kata thermometer

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From Ancient Greek κατά (katá, down)


kata thermometer (plural kata thermometers)

  1. (measuring instrument) A device consisting principally of an alcohol thermometer, used to measure air cooling power and, indirectly, small wind speeds in circulating air, by measuring the time taken for the temperature of the bulb of alcohol to make a specified drop (100° to 95°F).
    • 1945, Institution of Heating and Ventilating Engineers (Great Britain), The Building Services Engineer, Volume 13, page 90,
      Though the kata-thermometer was originally designed for measuring human comfort, it afterwards turned out to be far more useful as an anemometer.
    • 1953, Thomas Bedford, Thermal Factors in the Environment which Influence Fatigue, Alan Traviss Welford, Symposium on Fatigue and Symposium on Human Factors in Equipment Design, page 9,
      Leonard Hill (1914, 1919) introduced his kata thermometer for the measurement of the "cooling power" of the environment.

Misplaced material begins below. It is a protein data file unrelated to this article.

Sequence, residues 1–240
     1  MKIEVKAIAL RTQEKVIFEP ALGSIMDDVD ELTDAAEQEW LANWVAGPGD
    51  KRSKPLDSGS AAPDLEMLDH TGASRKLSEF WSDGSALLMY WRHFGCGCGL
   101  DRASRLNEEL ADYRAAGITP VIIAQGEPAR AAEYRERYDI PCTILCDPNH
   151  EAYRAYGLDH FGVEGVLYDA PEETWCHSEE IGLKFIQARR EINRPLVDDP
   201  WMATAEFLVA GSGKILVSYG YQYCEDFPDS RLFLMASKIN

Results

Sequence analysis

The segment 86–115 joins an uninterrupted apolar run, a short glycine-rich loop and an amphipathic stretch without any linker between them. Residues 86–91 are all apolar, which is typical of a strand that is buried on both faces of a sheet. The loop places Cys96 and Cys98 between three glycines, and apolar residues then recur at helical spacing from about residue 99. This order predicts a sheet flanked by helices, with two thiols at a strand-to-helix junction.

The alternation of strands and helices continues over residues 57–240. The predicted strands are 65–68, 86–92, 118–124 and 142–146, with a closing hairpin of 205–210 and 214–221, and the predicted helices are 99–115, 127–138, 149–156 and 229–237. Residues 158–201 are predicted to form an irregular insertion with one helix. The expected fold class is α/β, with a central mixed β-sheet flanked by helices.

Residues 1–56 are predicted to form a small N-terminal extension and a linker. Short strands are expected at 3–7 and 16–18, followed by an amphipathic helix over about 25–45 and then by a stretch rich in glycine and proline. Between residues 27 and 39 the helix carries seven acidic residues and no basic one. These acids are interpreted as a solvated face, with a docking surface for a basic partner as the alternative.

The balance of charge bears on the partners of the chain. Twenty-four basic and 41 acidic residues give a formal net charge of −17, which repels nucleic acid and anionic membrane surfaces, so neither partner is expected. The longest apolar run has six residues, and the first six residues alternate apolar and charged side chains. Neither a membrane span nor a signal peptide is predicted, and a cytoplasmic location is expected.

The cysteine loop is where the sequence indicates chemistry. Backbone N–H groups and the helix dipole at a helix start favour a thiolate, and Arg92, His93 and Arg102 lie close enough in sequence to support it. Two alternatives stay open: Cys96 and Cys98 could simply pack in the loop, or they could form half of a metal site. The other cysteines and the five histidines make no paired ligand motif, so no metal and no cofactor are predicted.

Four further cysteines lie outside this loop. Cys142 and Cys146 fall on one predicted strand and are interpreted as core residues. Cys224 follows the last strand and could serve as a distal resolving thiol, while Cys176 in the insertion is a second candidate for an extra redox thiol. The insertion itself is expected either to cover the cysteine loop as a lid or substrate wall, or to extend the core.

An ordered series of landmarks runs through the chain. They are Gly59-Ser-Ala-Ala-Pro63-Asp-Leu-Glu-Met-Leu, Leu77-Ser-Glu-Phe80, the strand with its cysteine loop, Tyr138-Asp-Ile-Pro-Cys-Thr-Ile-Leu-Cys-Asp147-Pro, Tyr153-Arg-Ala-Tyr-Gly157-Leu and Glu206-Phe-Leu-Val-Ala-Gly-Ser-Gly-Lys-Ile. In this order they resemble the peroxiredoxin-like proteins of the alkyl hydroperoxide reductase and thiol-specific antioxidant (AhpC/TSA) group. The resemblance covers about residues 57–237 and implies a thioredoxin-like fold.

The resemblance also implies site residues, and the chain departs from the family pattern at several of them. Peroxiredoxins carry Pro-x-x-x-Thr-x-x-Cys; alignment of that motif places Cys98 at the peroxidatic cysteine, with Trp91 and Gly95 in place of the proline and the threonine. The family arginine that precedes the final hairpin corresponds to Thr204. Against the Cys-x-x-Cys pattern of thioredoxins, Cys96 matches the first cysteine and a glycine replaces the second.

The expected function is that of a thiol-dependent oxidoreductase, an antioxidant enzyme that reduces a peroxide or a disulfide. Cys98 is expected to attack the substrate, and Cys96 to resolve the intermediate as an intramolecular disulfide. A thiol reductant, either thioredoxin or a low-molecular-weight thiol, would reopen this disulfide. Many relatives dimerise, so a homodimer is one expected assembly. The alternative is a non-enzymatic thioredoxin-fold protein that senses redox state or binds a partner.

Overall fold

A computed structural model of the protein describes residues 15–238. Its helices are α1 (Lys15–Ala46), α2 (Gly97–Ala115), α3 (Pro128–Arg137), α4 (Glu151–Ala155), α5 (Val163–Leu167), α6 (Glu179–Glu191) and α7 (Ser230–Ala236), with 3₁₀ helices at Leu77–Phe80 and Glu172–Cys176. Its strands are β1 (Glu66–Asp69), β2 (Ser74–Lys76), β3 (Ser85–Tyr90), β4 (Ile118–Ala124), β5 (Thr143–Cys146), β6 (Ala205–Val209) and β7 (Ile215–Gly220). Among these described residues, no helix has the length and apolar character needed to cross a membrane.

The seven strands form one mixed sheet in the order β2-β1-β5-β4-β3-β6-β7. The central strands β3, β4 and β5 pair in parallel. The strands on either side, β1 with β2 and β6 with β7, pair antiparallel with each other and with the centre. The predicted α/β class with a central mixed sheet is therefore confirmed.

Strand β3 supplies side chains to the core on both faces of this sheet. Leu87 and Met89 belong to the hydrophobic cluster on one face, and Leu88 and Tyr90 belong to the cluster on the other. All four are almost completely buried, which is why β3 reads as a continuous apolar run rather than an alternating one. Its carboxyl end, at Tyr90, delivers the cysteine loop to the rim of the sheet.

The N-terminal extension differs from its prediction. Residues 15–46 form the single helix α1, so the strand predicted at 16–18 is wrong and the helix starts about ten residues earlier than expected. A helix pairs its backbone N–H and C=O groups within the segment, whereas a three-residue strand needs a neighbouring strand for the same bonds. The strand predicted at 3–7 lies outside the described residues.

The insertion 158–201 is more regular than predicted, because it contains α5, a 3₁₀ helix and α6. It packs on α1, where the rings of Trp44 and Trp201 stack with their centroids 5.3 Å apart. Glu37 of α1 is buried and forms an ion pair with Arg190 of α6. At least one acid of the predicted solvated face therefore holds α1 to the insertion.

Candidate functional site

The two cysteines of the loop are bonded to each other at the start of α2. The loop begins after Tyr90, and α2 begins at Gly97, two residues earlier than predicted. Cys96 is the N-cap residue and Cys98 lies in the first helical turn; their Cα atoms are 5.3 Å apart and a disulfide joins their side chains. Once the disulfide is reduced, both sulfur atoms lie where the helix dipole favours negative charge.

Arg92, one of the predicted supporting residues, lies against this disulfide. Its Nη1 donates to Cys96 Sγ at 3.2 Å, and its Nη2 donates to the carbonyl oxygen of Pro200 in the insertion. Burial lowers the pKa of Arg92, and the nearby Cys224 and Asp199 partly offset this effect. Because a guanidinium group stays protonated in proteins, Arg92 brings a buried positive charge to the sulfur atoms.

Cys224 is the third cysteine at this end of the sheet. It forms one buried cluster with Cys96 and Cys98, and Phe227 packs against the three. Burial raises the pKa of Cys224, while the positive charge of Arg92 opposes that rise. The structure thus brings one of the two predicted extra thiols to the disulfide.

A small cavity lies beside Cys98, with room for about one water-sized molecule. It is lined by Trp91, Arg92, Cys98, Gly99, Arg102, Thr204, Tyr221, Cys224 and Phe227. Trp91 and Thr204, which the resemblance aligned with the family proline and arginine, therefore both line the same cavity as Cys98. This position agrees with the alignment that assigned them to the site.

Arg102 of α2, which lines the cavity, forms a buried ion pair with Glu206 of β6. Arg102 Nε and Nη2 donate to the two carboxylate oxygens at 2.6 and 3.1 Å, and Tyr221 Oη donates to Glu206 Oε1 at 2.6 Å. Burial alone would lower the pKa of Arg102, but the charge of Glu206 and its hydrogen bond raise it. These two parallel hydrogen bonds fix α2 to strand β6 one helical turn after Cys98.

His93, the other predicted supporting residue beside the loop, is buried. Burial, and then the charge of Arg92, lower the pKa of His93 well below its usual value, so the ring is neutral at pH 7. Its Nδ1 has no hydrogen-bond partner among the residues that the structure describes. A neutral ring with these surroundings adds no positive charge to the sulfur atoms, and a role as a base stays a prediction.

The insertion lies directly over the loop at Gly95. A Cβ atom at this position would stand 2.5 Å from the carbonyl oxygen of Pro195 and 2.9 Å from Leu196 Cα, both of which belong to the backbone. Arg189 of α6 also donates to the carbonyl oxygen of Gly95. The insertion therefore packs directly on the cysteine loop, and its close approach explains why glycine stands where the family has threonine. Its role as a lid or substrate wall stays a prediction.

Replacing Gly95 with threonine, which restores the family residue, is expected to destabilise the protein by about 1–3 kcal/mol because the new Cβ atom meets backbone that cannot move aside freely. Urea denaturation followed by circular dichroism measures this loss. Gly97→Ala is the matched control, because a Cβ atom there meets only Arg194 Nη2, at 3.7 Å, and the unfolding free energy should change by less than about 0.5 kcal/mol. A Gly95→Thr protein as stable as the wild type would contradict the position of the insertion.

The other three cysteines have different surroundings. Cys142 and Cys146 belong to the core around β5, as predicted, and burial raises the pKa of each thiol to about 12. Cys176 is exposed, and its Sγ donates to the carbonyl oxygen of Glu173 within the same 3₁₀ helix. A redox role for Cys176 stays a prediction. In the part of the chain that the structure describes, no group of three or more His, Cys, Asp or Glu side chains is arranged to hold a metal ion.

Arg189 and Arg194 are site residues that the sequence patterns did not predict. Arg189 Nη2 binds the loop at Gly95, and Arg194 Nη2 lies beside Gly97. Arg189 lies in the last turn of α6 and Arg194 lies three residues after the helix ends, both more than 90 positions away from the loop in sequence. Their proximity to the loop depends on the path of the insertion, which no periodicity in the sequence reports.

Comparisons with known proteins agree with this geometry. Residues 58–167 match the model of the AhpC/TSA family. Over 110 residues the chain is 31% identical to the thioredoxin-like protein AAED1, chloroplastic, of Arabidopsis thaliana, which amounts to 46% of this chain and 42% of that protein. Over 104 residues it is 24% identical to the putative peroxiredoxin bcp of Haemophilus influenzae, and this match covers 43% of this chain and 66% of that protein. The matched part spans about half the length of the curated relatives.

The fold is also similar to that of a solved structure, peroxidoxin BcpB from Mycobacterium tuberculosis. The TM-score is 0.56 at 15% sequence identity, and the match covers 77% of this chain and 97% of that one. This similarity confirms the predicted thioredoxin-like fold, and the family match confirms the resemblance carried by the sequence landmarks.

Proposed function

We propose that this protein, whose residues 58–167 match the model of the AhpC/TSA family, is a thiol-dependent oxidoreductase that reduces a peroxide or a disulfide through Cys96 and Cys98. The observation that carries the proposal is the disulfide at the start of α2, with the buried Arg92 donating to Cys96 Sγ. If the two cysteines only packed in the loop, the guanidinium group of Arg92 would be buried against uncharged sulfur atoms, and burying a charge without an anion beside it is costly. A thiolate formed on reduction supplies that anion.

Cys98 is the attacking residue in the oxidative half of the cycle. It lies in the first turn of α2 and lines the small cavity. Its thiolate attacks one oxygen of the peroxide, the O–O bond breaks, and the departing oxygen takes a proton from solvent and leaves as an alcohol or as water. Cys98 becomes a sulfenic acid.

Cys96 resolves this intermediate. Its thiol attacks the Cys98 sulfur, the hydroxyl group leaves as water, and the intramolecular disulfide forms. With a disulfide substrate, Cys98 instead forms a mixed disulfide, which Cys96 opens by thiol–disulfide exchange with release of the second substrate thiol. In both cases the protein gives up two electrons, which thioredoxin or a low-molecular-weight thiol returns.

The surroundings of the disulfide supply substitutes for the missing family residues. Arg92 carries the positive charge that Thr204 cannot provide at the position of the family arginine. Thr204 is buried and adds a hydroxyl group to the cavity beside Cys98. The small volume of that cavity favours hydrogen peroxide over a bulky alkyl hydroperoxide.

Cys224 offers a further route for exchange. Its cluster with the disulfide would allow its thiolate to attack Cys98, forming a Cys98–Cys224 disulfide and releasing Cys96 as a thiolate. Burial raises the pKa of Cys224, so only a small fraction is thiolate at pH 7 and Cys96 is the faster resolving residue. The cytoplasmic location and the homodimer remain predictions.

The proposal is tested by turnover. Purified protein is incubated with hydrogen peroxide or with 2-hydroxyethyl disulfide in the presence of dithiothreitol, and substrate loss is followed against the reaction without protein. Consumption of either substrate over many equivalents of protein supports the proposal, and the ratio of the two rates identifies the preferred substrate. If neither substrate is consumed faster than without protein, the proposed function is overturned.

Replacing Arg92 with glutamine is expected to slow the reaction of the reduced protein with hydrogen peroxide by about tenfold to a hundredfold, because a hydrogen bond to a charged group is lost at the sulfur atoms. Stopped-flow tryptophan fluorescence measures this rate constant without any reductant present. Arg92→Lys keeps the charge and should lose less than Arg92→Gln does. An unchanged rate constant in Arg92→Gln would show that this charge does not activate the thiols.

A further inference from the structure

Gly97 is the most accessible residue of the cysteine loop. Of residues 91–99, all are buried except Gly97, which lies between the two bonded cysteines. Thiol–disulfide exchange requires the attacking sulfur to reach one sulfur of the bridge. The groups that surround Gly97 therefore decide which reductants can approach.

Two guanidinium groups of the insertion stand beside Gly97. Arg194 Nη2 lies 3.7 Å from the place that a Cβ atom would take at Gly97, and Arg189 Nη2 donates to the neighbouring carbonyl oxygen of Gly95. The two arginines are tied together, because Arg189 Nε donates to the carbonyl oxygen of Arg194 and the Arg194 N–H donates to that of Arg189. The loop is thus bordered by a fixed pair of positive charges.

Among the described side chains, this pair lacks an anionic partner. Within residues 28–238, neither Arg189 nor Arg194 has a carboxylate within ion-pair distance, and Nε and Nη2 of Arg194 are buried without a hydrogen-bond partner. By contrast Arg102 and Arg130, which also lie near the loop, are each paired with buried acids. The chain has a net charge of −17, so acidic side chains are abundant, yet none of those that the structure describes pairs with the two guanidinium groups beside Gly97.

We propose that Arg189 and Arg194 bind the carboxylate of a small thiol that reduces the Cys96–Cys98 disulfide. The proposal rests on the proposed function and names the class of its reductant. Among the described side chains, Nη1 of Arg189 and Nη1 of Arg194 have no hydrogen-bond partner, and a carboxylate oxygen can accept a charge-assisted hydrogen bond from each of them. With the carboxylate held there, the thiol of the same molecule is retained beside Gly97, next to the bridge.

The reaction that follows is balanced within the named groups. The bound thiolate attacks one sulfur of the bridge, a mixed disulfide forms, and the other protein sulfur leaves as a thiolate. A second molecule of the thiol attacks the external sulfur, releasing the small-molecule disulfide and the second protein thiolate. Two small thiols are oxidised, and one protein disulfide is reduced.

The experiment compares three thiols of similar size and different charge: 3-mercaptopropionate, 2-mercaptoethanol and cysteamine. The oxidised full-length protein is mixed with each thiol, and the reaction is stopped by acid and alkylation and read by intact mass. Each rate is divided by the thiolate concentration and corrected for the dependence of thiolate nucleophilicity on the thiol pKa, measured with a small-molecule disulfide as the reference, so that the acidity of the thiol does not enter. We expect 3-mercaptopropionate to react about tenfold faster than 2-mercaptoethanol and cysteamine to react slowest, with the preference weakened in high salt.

• 2003, Kenneth C. Parsons, Human Thermal Environments: The Effects of Hot, Moderate and Cold Environments on Human Health, Comfort and performance, page 103,
      The Kata thermometer (Hill et al., 1916), for example, is an alcohol thermometer with a large bulb which is heated and exposed to the environment. [] The Kata thermometer provides a good general measure of air velocity; however, in fluctuating air the variation in air velocity will affect human response and should be quantified.

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